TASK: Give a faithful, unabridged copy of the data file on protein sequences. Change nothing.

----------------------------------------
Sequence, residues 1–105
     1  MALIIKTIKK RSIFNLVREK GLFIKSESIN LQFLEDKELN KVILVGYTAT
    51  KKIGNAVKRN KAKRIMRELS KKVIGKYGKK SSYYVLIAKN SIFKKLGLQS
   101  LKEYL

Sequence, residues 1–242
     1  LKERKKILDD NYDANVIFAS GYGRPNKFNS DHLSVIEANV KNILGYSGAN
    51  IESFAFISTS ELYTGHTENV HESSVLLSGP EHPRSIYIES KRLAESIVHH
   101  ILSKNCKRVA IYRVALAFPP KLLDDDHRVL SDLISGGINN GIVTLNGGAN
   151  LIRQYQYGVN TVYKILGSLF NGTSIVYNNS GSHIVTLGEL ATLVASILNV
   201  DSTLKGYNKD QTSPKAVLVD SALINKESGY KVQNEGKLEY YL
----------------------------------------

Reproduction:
Sequence, residues 1–105
     1  MALIIKTIKK RSIFNLVREK GLFIKSESIN LQFLEDKELN KVILVGYTAT
    51  KKIGNAVKRN KAKRIMRELS KKVIGKYGKK SSYYVLIAKN SIFKKLGLQS
   101  LKEYL

Sequence, residues 1–242
     1  LKERKKILDD NYDANVIFAS GYGRPNKFNS DHLSVIEANV KNILGYSGAN
    51  IESFAFISTS ELYTGHTENV HESSVLLSGP EHPRSIYIES KRLAESIVHH
   101  ILSKNCKRVA IYRVALAFPP KLLDDDHRVL SDLISGGINN GIVTLNGGAN
   151  LIRQYQYGVN TVYKILGSLF NGTSIVYNNS GSHIVTLGEL ATLVASILNV
   201  DSTLKGYNKD QTSPKAVLVD SALINKESGY KVQNEGKLEY YL